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they grow : they toil not, neither do they spin ; and yet I
you, Solomon in all his glory, was not arrayed like one of these. Wherefore if God so clothe the grass of the field, which to-day is, and to-morrow is cast into the oven, shall he not much more clothe you, O ye of little faith? ?”—He has to exhort his apostles to be diligent in the work of converting and saving the world—he does it by bidding them “ lift up their eyes, and look on the fields, white already for the harvest?," and enjoins them to pray that the Lord of the spiritual harvest would send into it labourers sufficient to gather it in.—And now, when called upon to determine a question which had arisen among his own followers, as to who should be the greatest in the kingdom of heaven“ Jesus called a little child unto him, and set him in the midst of them and said, Verily I say untoyou, except ye be converted, and become as little children, ye shall not enter into the kingdom of heaven.”
Matt. vi. 28-30.
2 John iv. 35.
And this, I repeat, would never have been written, had it been impossible for us to realize the conversion which is enjoined.
We ought to become like little children then; we wish to become so (for we must wish to become that which our best and purest feelings prompt us to love and to admire), and we can become so, if we choose.Then what forbids it ?—Why, in the first place, pride forbids it; that evil spirit of self-seeking and self-exaltation, against which the words of Jesus were more immediately directed. Shall I, who “ understand all mysteries, and all knowledge,” by whom the secrets of the great deep are read, and to whom all earth speaks a language intelligible and familiar ?shall I, who have given to the study so many days of toil, and nights of watching, that I have come at length “ to know what is in man;" all his follies and weaknesses, the points on which he may be assailed, and the method by which he may be cajoled and managed ?-shall I renounce all the advantages which my superior knowledge and craftiness give
me over the generality of my fellow-men, to assume once more the openness, the artlessness, the simplicity of childhood ?
Or again shall I, on whom fate has conferred exalted rank, and unbounded riches--before whom admiring multitudes do homage--who can say to one man, Go, and he goeth-to another, Come, and he cometh—and can glad my soul with the thoughts of abundant good things laid up for each day as it returns—shall I forget the vast distance which separates me from others, and become again an humble, an unassuming, and unpretending child ?
And after the same manner reasons every species of “ pride of life,” as well as all “ the lusts of the flesh,” which set themselves in array against the simplicity and purity of the Gospel doctrine. But the answer to all is the same, “Except ye be converted, and become as little children, ye shall not enter into the kingdom of heaven.” These lofty looks must be brought low; these swelling thoughts, and words of vanity, must be exchanged for the more seemly and befitting language and demeanour of humility, meekness, gentleness. And “whosoever shall thus humble himself as a little child, the same shall be greatest in the kingdom of heaven 1.”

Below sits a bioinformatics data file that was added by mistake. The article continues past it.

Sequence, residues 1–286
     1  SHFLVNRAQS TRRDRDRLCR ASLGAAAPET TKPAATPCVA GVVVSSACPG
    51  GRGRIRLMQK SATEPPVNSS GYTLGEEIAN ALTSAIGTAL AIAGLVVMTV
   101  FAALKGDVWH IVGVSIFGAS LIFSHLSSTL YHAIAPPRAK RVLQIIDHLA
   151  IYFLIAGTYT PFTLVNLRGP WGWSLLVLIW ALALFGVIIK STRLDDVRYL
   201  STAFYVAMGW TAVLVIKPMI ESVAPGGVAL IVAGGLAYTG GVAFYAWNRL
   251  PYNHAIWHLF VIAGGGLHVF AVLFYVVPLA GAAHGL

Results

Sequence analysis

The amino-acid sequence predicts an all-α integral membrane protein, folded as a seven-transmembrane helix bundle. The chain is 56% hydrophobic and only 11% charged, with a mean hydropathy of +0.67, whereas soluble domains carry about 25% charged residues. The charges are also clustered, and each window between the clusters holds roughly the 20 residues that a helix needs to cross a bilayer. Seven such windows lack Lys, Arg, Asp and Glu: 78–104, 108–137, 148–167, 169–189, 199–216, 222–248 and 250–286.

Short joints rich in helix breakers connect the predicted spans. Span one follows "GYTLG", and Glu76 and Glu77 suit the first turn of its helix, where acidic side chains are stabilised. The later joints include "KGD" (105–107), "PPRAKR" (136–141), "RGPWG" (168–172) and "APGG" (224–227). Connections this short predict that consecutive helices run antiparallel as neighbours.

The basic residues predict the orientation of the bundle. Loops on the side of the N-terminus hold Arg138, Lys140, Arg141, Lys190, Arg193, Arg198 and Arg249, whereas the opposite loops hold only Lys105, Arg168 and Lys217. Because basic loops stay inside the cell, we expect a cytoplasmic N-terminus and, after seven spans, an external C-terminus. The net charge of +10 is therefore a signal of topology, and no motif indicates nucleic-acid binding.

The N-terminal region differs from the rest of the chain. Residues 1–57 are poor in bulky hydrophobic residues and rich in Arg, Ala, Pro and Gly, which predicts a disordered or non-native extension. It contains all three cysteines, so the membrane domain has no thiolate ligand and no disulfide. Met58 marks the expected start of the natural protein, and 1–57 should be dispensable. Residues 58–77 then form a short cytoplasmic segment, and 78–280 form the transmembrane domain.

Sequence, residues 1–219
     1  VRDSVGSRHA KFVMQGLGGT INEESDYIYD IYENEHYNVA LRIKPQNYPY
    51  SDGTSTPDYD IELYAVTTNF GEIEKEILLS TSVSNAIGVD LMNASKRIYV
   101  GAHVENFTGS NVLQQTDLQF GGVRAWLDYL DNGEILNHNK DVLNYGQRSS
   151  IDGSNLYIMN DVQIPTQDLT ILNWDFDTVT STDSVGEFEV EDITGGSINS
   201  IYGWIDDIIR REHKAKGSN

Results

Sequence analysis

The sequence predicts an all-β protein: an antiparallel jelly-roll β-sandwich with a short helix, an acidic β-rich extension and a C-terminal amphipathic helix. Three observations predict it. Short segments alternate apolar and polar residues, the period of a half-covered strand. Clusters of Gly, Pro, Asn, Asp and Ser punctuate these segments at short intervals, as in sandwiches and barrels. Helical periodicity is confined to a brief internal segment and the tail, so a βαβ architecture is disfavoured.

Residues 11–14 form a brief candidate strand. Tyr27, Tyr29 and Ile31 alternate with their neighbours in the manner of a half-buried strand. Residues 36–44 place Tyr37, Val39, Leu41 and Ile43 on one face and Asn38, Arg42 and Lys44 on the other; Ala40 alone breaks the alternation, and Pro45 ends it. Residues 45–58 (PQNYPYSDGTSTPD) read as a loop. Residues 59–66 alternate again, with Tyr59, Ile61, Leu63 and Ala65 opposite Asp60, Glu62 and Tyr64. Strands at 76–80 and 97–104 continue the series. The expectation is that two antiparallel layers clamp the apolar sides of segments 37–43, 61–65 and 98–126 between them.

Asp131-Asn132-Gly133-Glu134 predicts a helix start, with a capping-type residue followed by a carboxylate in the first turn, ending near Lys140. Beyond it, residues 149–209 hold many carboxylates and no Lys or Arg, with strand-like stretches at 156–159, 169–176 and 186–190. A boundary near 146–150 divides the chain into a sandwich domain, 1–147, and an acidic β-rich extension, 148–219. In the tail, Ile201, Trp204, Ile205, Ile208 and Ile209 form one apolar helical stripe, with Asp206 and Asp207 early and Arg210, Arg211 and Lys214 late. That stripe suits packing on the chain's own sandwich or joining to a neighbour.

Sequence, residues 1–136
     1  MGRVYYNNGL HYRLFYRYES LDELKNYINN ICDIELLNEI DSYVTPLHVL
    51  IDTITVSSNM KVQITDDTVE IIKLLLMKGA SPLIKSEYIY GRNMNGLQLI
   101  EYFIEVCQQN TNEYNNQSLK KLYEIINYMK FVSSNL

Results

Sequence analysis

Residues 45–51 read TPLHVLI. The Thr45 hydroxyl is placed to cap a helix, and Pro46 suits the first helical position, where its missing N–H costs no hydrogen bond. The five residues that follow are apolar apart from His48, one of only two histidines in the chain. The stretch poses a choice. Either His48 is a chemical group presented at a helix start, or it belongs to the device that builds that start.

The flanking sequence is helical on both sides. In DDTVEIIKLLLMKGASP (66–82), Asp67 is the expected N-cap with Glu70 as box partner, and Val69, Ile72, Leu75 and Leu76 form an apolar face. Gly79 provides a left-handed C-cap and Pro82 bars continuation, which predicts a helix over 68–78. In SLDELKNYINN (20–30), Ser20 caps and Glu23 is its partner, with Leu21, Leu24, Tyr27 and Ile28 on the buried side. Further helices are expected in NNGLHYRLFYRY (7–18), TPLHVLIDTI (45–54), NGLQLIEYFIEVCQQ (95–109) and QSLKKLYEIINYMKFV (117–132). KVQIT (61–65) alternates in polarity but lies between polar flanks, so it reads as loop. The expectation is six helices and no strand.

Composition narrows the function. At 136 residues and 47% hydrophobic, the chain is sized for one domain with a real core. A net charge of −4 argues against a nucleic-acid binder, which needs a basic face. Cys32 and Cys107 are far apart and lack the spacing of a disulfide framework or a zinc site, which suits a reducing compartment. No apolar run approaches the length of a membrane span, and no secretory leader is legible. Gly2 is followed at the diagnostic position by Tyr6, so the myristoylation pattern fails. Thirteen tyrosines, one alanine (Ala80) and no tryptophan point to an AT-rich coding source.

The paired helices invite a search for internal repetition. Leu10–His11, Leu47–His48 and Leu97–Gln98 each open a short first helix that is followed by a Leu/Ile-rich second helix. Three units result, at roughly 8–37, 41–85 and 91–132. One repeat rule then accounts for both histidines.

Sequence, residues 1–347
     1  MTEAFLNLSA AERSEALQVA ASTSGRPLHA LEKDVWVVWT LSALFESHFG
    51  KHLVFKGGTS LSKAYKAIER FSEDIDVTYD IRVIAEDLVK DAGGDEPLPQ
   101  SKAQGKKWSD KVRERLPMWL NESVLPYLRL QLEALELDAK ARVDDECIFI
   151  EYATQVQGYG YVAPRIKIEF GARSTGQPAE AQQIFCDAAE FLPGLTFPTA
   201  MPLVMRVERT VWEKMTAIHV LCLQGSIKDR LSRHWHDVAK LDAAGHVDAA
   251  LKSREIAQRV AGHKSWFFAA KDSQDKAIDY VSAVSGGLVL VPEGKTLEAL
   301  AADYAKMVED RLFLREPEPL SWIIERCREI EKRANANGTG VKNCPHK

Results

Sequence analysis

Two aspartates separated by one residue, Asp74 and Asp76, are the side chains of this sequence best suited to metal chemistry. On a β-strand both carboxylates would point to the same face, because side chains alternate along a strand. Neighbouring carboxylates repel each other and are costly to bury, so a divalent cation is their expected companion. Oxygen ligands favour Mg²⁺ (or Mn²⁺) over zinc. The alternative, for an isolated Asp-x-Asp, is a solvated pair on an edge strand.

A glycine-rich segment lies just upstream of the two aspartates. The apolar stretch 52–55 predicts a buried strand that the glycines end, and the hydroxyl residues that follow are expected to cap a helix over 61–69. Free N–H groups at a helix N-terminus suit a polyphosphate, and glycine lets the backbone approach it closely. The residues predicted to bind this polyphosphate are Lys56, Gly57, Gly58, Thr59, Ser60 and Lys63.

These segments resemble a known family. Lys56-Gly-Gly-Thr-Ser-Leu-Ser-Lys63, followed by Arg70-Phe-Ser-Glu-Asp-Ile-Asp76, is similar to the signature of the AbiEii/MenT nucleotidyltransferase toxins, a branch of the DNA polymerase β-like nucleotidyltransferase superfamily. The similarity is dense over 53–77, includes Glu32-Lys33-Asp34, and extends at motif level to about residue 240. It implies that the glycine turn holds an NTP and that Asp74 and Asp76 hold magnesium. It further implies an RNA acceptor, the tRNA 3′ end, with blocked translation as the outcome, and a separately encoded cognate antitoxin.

Does this still seem a strange saying ? Does it even yet sound too hard for us? Do we find it difficult to believe that in the dignity, and might of manhood, childlike simplicity and artlessness (even if they could be exhibited), would ever appear lovely, or of good report ?-would ever excite any other feeling than that of contempt. --Let us pause before we draw so rash a conclusion. Let us look to the character of him, by whom the words of the text were uttered, and ask ourselves, what is the feature in that character which most attracts our love? We know that when the prophet of old waited for his God, he found him not in the whirlwind, nor in the earthquake, nor in the fire; but he was recognised at once in " the still small voice?." perhaps, if we ask our hearts in what it
And so now,
Matt. xviii. 4.
1 Kings xix. 11, 12,
is that. God, the Saviour of the world, even Jesus of Nazareth, speaks most home to them, we shall find that it is not in his mighty works, his healing all manner of disease, his triumph over devils, his restoration of the dead to lifeit is not in his heavy, though deserved denunciations, his “woe unto Chorazin, , and Bethsaida !"_but in his lowliness and meekness, his gentleness and love, his washing his disciples' feet, and weeping over the sufferings of his friends. And why should not those qualities, which were altogether lovely in Christ, be equally amiable in those who bear his name, and profess to be his followers ? Why should they not be as amiable in Christians of every age and of every degree, as our hearts acknowledge them to be in “ the little children ?”
That they really are so, my brethren, we may be fully persuaded. Artlessness and candour, singleness and simplicity of intention; the heart that imagines no deceit, and the lips that speak no guile : these points go to form a character, which